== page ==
Tammy Van Wyhe
ASTE South Central Region Board Rep
Has it really been a week? According to the calendar, it has: One week ago today, we wrapped up ASTE 2014. Whew! Last night I took time to go back through some notes from the conference, and, as usual, I am overwhelmed by how much I gained during those four short days. Amazing keynotes, fantastic sessions, an entertaining iDidaContest event, gracious vendors showing off their cutting-edge wares, over-the-top networking, and (or course), fabulous food! Each year, I reluctantly leave ASTE wishing I could have a couple of days just to digest it all, to continue conversations with colleagues, to re-visit all the websites and tech tools I frantically bookmarked and added to my “don’t forget!” list before jumping headfirst back into the daily duties of my role in the Copper River School District. The cliché works when it comes to what I believe is Alaska’s best education-related conference: Attending ASTE is a bit like drinking from a fire hose.
For educators in rural districts, professional development opportunities can be few and far between. Periodic in-service workshops are too often delivered in “drive-by” fashion, and opportunities to travel out of the district for high quality trainings may come very rarely, if ever. ASTE is an annual mega-dose of professional development on which I can always rely to provide me with so much…of so much! Several sessions I attended this year focused on blended learning, as well as teaching and learning online – topics that are certainly front-burner in Alaska and across the country. Even our most remote districts are finding ways to connect students and teachers to provide new opportunities for learning. The technology exists for us to bring learners together in ways we could only dream of a decade ago, and ASTE members across Alaska have proven to me, once again, that we are utilizing technology to make education meaningful, exciting, and engaging, regardless of a student’s location on the map…which makes me wonder: Why aren’t we using technology to connect ourselves as ASTE members in the same way?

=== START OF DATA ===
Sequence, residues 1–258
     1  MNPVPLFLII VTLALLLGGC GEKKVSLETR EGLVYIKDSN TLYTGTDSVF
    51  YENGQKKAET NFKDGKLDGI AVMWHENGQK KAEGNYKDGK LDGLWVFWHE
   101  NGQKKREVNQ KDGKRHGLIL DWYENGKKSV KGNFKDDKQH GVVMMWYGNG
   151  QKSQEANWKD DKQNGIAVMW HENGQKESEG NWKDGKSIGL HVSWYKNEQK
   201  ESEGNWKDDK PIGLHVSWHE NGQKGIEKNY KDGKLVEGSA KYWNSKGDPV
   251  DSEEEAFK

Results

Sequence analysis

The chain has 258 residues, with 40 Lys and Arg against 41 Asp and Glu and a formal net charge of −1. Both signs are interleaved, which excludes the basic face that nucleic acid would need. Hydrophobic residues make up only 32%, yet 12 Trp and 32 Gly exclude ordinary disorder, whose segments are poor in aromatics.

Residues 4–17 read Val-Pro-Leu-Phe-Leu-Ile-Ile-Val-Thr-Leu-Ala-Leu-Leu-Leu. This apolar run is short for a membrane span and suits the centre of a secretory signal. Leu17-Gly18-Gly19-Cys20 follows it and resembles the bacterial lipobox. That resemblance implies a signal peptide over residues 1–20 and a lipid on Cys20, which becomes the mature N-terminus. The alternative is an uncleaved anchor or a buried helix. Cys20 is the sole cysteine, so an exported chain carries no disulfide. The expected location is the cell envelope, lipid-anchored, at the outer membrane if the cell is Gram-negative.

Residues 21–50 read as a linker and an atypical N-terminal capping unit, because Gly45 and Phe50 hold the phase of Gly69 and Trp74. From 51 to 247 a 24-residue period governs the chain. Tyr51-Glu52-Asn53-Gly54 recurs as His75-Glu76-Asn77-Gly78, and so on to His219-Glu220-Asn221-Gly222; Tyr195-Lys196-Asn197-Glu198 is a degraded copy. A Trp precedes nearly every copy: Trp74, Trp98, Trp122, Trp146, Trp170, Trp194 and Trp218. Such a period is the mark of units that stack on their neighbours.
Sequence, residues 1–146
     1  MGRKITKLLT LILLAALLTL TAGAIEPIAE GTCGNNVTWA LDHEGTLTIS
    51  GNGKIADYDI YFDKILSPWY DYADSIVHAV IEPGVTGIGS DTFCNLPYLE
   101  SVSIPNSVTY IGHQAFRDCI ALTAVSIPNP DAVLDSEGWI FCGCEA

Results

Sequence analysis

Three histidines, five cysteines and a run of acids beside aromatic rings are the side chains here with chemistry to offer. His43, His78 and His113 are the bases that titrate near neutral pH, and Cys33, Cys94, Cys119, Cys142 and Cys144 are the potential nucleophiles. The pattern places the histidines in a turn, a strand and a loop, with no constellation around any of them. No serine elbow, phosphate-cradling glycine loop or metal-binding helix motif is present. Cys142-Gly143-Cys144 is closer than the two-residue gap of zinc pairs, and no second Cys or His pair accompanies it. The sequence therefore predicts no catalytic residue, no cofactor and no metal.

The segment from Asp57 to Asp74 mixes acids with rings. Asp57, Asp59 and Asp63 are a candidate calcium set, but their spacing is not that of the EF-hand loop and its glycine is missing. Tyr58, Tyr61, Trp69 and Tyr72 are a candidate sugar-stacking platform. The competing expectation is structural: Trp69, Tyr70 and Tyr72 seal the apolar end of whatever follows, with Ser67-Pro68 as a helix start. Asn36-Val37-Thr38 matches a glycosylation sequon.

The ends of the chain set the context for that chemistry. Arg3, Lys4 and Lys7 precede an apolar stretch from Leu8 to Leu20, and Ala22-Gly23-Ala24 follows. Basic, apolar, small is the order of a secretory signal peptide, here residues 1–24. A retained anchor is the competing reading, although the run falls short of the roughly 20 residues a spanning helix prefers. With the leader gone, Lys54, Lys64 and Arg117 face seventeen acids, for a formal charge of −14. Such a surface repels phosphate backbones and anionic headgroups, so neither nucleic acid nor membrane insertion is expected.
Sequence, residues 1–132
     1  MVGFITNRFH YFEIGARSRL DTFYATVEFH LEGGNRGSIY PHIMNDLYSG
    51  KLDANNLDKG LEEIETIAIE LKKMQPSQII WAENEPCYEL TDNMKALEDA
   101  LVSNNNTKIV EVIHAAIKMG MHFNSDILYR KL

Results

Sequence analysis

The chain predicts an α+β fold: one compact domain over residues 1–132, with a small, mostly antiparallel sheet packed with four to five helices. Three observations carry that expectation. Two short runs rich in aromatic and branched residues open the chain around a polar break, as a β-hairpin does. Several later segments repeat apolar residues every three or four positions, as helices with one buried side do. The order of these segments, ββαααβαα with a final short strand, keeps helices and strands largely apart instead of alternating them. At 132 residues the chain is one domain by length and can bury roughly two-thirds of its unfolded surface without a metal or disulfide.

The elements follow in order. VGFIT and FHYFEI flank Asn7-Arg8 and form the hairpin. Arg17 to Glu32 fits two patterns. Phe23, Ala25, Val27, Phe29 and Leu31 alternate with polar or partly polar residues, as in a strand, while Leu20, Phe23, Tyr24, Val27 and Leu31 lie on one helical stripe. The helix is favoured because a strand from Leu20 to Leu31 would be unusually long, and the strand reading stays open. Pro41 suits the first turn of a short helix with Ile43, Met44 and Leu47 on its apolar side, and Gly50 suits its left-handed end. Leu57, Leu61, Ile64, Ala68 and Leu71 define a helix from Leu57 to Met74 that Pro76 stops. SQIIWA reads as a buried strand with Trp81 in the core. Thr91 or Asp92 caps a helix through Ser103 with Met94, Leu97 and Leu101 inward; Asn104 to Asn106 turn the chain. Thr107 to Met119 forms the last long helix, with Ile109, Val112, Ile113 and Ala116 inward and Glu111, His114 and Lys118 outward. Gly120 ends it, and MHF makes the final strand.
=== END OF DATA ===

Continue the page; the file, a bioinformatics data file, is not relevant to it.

For me, the conversations begin at ASTE…and then quickly fade into the pleasant memory of the conference once I’m back home. I long for an opportunity to continue talking, to extend the learning, and to make the professional development I experience at the conference part of my year-round professional life. I hope that the ASTE blog and grassroots efforts to develop an ongoing dialogue with membership across the state will take hold in the months to come so that all of us who are inspired and motivated to continue the conversation might do so, even as the energy of the conference itself wanes. So, here’s to making it happen! Let’s keep the ASTE fires burning by being in touch, connecting throughout the year, and ensuring that the enthusiasm and professional networking we enjoy at our conference becomes part of Alaska’s professional development landscape.